The plural declension of feminine nouns exclusively contain front vowels. This causes /u/, /o/, & /ou/ to front to /y/, /ø/, and /øy/. I took this from what happens to the feminine forms of adjectives, which is something I came up with long before I decided to do this.

Many other random back vowels get fronted, but…it’s random. I don’t think I decided on an actual pattern for it.

 

Singular

Plural

 

Indefinite

Definite

Indefinite

Definite

Nominative

-(i)n

-(æ)r

-(æ)næ

Object

-i

-(i)ni

-(y)m

-(y)nym

Genitive

-ar

-(i)nar

-(æ)næ

Examples:

  • aska “ash” → askan, askær, askænæ
  • douttir “daughter” → douttrin, døyttrær, døyttrænæ
  • gaus “goose” → gausin, gæysær, gæysænæ
  • ull “wool” → ullin, yllær, yllænæ

Nouns – Neuter

Neuter nouns are the same in the nominative plural and singular (except for some occasional vowel changes). I did nothing interesting with this declension.

 

Singular

Plural

 

Indefinite

Definite

Indefinite

Definite

Nominative

-(i)t

-(i)n

Object

-i

-(i)nu

-(u)m

-(u)num

Genitive

-s

-(i)ts -a

-(a)nna

Examples:

  • barn “child” → barnit, børn, børnin
  • egg “egg” → eggit, egg, eggin
  • hus “house” → husit, hus, husin
  • navn “name” → navnit, nøvn, navnin

Personal Pronouns

Askeisk’s personal pronouns are nothing special. There are singular and plural versions, three genders in the third person, and possessive pronouns have different forms depending on the gender of the following noun.

Subject pronouns:

  • 1st person: jeg, veir
  • 2nd person: tu, eir
  • 3rd person masculine: hann, teir
  • 3rd person feminine: hon, tær
  • 3rd person neuter: tad, tau

I decided to keep the distinction between the third person plural pronouns because collapsing everything into neuter seemed to be a little boring.

Object pronouns:

  • 1st person: mig, oss
  • 2nd person: tig, ydur
  • 3rd person masculine: honum, teim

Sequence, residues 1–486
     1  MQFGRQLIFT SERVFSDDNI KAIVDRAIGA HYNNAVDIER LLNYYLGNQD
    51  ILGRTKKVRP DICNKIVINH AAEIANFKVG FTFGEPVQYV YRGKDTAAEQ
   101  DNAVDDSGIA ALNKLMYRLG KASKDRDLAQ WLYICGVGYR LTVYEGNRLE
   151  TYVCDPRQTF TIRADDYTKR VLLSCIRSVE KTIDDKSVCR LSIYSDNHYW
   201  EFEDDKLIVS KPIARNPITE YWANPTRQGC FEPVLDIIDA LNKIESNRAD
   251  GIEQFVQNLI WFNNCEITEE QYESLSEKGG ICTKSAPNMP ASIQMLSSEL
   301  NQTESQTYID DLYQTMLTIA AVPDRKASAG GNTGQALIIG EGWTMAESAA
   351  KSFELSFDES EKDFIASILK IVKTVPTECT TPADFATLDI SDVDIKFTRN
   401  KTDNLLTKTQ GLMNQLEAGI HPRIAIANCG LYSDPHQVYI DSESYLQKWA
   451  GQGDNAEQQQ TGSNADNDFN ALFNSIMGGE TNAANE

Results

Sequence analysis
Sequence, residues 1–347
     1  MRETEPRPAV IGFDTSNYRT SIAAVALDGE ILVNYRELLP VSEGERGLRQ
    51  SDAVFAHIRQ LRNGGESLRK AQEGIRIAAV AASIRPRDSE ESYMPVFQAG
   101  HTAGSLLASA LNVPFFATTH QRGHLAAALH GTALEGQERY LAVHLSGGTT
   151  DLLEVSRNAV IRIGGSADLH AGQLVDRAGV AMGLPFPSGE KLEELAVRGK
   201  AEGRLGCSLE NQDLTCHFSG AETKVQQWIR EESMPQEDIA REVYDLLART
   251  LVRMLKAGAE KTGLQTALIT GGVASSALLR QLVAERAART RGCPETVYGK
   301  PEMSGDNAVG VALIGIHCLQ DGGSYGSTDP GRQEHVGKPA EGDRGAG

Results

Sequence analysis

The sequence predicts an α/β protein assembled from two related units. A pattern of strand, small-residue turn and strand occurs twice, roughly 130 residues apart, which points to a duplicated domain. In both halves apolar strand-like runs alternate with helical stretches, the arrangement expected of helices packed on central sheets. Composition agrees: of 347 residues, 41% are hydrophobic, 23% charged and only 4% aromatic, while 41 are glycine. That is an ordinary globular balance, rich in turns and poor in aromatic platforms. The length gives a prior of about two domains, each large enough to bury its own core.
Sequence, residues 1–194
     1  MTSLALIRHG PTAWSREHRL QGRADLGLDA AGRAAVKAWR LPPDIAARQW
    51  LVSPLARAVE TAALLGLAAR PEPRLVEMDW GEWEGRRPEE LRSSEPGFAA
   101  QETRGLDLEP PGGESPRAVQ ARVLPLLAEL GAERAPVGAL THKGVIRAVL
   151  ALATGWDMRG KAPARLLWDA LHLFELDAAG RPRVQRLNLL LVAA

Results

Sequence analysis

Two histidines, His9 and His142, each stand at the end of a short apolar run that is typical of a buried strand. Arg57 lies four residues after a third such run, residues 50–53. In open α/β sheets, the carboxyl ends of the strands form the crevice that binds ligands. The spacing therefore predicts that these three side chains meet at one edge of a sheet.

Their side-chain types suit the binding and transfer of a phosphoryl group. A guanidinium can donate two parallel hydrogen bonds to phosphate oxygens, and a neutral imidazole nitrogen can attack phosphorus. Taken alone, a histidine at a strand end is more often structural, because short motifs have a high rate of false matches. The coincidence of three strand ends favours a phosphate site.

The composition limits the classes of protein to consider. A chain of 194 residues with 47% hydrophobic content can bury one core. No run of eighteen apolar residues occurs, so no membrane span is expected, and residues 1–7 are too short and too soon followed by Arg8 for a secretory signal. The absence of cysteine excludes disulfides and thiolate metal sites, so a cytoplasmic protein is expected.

• 3rd person feminine: hen, teim
  • 3rd person neuter: tad, teim

Here, the third person plural is the same in all genders, which it how it was in Old Norse.

Possessive pronouns:

  • 1st person singular: minn, min, mitt, minar
  • 1st person plural: vaur, vaurt, vaurar
  • 2nd person singular: tinn, tin, titt, tinar
  • 2nd person plural: ydar, ydart, ydarar
  • 3rd person masculine singular: hans, hansar
  • 3rd person feminine singular: henar, henrar
  • 3rd person neuter singular: tess, tessar
  • 3rd person plural: teirra, teirrat, teirrar

Only the 1st and 2nd person singular possessives distinguish between the masculine & feminine genders on the following noun. The 3rd person singular possessives don’t distinguish gender at all, just number.

Here are some examples with 1st person possessives:

  • køttrinn minn “my cat”
  • boukin min “my book”
  • augat min “my eye”
  • armarnir minar “my arms”
  • eidrinn vaur “our oath”
  • husit vaurt “our house”
  • beinin vaurar “our bones”

The third person possessive pronouns do not specifically refer to the subject or speaker; they can refer to absolutely anyone. Like with the other North Germanic languages, there is a separate set of reflexive pronouns – sinn, sin, sitt, sinar – which are used to clear up ambiguity:

  • køttrinn henar “her cat”
  • køttrinn sinn “her (own) cat”

“It”

Like the other pronouns, the Askeisk word for “it” is declined for case, number, and gender. The “default” form is tad.

 

Singular Plural

 

Masculine Feminine Neuter Masculine Feminine Neuter

Nominative

tann tøn tad tannar tønir

tad

Object tann tøni tadi tannum tønym

tadum

Genitive tanns tønar tads tana tønæ

tada

Adjectives

Like you’d expect, adjectives take on the case, number, and gender of the noun they modify. Adjectives with /a/, /u/, and /au/ in the masculine (the default form of the adjective) become /ø/, /y/, and /øy/ in the feminine.